Legislation may push light-rail between airport, Las Vegas

A bill working its way through the state Legislature could advance efforts to develop, build and operate a light rail line connecting McCarran International Airport, the Strip and downtown Las Vegas as soon as 2023 — assuming all the funding is secured.

Senate Bill 149, introduced by state Sen. Mark Manendo, D-Las Vegas, would allow the Regional Transportation Commission of Southern Nevada to find ways to pay for the project, including federal grants and an option to ask voters whether sales taxes should be increased.

RTC officials repeatedly stressed that there aren’t any immediate plans to hike the sales tax.

By summer, the RTC will release environmental assessments that would allow for construction of either a light rail line or bus rapid transit along Maryland Parkway.

It would cost $573 million to $703 million to build a light rail line, compared to a lower-cost bus rapid transit line estimated at $298 million to $367 million, RTC officials said. Operating and maintenance costs for both systems would range from $7 million to $12 million annually.

If approved, SB 149 would also expand an existing law that solely addresses “fixed guideway systems” to allow for construction of the Las Vegas Monorail during the 1990s.

The revision would allow the RTC, county and Las Vegas city officials to go beyond offering traditional bus service and move toward “high-capacity transit” options, including light rail, streetcars and express bus commuter lines.

The state Senate must take a vote on SB 149 by April 14 in order to stay alive and move on to the Assembly, RTC officials said.

“Given the advancements in transportation and technology, our current statute is antiquated,” RTC General Manager Tina Quigley said. “This legislation helps prepare us for the next evolution of transportation in Nevada.”

Half-track not qualified

Dan from Las Vegas owns a 1941 military half-track with rubber tires and says he was told the vehicle was illegal by the Nevada Department of Motor Vehicles.

For those who don’t know, half-tracks have traditional wheels in the front, while the back of the vehicle is propelled by continuous tracks — similar to a tank.

Dan said some of his friends who own similar vehicles are running into the same problem — even those who previously had vintage plates issued by the neighboring state of California.

Half-tracks can’t be registered for general use on Nevada’s roads, DMV spokesman Kevin Malone said. They may, however, be registered as an off-highway vehicle.

Some half-tracks, like Dan’s, might even qualify for “antique truck” designation, which would restrict its use to shows, exhibitions, parades or similar activities, Malone said. Of course, the vehicle would have to be transported or towed to the event, rather than hitting the road.

Meter in the median

A meter, guarded by a few concrete posts, recently appeared on the median along Flamingo Road, between McLeod Drive and Pecos Road, according to Richard from Las Vegas.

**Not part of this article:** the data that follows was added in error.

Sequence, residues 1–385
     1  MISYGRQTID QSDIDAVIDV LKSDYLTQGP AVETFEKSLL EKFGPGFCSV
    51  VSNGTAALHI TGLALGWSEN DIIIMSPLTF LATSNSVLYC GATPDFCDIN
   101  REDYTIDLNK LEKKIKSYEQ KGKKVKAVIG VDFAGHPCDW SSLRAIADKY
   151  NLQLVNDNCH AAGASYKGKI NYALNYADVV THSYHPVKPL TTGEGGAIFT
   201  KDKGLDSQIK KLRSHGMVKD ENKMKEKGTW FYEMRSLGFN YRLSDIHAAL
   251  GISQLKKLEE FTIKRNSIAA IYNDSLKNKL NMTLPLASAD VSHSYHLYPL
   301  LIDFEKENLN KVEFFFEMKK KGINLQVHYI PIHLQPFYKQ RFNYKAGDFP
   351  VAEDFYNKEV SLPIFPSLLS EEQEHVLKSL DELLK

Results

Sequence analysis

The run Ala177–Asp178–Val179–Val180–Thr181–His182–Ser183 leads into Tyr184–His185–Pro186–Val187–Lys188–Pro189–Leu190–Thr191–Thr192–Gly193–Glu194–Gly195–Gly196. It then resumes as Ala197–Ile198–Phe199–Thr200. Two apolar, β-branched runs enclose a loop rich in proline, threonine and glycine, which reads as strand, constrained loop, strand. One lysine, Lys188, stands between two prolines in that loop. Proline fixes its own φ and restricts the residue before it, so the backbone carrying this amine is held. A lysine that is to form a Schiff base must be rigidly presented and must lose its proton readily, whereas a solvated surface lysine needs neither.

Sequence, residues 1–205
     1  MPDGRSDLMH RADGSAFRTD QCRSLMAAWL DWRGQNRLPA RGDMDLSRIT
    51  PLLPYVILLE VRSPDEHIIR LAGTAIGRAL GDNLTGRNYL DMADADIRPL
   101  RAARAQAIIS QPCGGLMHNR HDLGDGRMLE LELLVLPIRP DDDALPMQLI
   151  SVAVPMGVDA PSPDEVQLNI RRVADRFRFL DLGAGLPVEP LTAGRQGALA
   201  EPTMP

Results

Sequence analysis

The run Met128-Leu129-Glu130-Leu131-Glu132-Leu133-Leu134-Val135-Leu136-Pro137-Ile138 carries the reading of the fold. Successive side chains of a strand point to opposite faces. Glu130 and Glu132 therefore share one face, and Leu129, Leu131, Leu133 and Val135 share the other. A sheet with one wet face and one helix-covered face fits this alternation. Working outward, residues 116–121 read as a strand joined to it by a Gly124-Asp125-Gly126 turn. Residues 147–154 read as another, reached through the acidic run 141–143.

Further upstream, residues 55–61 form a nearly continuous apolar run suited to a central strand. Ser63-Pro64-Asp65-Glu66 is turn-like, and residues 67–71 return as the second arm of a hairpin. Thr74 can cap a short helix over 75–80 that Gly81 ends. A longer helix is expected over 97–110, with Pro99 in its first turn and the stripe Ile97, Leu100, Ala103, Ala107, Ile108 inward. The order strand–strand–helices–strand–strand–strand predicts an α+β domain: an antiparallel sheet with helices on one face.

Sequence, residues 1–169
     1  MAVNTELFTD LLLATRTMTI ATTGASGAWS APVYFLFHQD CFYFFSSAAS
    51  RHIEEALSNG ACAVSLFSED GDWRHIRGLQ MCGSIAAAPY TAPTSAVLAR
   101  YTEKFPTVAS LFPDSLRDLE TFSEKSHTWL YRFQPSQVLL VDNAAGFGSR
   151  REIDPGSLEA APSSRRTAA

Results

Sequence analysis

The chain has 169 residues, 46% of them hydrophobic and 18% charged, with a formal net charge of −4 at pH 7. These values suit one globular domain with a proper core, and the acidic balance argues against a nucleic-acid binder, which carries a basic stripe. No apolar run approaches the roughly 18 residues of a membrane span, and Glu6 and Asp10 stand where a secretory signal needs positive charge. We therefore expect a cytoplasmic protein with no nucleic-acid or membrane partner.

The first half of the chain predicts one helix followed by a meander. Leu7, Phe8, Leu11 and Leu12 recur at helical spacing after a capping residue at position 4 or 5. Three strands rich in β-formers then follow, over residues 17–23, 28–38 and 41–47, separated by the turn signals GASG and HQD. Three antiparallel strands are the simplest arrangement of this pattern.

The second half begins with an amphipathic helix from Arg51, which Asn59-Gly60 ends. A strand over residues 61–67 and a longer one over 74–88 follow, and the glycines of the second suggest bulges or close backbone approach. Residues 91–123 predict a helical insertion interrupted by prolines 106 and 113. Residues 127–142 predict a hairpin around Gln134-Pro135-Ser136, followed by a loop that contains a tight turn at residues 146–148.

Richard wanted to know why this meter was installed, and smartly suggested that they be painted either yellow or red so that drivers can see them.

Those concrete posts are protecting an air valve that belongs to the Las Vegas Valley Water District, RTC spokeswoman Angela Castro said.

A cover will be placed over the valve within the next two weeks, Castro said.

And plans are underway to paint those concrete posts — we just don’t yet know what color.

Pokey drivers

During his daily commute to work in Las Vegas, Michael from Moapa said he regularly gets stuck behind motorists driving 70 mph in the left lane, when the posted speed limit is 75 mph.

“They’ll be getting passed by big rigs, and they won’t move over,” Michael wrote in an email to the Road Warrior. “It’s like their brains have ceased to function.”

Michael has become so frustrated that he wants to know whether the Nevada Department of Transportation plans to install signs asking slower drivers to stay right.

Since there’s no law that prohibits driving below the speed limit, there are no plans to erect additional highway signs, NDOT spokesman Tony Illia said.

“A 5 mile-per-hour differential is hardly cause for concern,” Illia said.

You might find some relief from bills recently introduced by Republican Assemblymen John Ellison of Elko and Chris Edwards of Las Vegas. The bills call for making it a misdemeanor to drive too slow in the fast lane, with a $50 fine for first-time offenders.

Road repair planned

Roy from North Las Vegas wanted to know whether the city planned to smooth out a pockmarked stretch of Commerce Street, between Craig and Washburn roads.

A project will be out for bid this month, and construction is expected to begin within three months, North Las Vegas city spokeswoman Delen Goldberg said.

Questions and comments should be sent to roadwarrior@reviewjournal.com. Please include your phone number. Follow @RJroadwarrior on Twitter.

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